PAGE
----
With the COP15 summit in Copenhagen looming in December and an uncertain haze hanging over any potential climate agreement, a number of world leaders have announced an agreement to soon agree on potentially planning on possibly establishing a climate treaty sometime in the relatively near future.
With President Obama making his first visit to China this week, the top two emitters of greenhouse gases in the world have pledged to “definitely possibly plan on agreeing on a mostly binding emissions target in the days, weeks, months and years following the Copenhagen summit,” a spokesperson for the Chinese government said.
A number of other countries have also signed on to the agreement to agree on an agreement, maybe. Germany, a leader in wind power and other renewable energy projects, has committed to considering the possibility of joining a climate treaty that may or may not be written by 2014. Italy and France followed suit shortly after Germany’s announcement, with an Italian government spokesperson adding they hoped to set a timetable to plan on the next meeting “soonish.”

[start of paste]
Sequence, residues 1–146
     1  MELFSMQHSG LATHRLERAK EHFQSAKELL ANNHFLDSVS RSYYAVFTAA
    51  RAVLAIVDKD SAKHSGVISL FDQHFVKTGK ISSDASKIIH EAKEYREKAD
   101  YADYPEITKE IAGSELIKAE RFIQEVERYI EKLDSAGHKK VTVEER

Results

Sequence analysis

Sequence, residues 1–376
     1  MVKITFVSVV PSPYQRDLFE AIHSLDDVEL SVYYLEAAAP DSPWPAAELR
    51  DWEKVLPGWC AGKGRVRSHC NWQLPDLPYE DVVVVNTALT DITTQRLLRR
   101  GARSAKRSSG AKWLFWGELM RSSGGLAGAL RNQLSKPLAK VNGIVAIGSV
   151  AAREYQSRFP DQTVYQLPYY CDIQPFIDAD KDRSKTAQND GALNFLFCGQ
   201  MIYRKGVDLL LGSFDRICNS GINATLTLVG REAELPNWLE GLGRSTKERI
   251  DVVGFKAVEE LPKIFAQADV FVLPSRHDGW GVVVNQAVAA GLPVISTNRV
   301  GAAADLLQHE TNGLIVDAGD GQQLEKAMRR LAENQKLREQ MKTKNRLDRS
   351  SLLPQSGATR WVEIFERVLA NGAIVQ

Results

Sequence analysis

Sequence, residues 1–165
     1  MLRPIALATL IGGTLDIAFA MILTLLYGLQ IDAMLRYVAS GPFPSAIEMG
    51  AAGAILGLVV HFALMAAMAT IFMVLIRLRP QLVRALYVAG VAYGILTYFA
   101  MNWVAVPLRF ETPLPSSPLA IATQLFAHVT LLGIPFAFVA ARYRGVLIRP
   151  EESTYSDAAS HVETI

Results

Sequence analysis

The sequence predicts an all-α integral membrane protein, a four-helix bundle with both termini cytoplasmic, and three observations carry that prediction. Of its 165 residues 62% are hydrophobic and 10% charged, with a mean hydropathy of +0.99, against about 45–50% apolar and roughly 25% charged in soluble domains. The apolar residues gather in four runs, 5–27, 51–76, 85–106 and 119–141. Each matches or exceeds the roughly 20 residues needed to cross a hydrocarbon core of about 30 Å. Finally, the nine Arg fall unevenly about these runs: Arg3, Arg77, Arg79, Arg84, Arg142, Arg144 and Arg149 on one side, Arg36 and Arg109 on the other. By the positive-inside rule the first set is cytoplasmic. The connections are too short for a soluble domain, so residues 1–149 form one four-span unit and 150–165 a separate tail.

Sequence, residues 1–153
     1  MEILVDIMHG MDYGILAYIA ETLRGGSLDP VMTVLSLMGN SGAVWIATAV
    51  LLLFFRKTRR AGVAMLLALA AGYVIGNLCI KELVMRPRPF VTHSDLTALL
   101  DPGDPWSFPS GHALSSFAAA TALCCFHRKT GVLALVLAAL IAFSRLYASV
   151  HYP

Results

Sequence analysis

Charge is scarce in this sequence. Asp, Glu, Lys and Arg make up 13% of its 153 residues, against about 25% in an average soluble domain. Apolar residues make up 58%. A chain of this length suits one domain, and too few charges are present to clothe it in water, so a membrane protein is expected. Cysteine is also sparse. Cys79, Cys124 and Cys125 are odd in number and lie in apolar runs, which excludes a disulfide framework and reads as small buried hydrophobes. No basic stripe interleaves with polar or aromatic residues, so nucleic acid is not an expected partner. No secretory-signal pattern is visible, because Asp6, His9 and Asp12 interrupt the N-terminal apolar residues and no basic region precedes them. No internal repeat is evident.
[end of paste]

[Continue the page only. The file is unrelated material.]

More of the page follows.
In his weekly web address, President Obama stressed the need to combat climate change before some of the more catastrophic effects are realized. “Achieving energy independence, reducing our reliance on fossil fuels and lowering our emissions of carbon dioxide and other gases are all inextricably linked. That is why I and other world leaders have come to a substantive agreement to discuss this issue again in the near future, with the eventual goal of possibly deciding on a course of action that might help. That decision will most likely come at a future summit, the planning of which we will set a date for when we meet in Copenhagen next month.”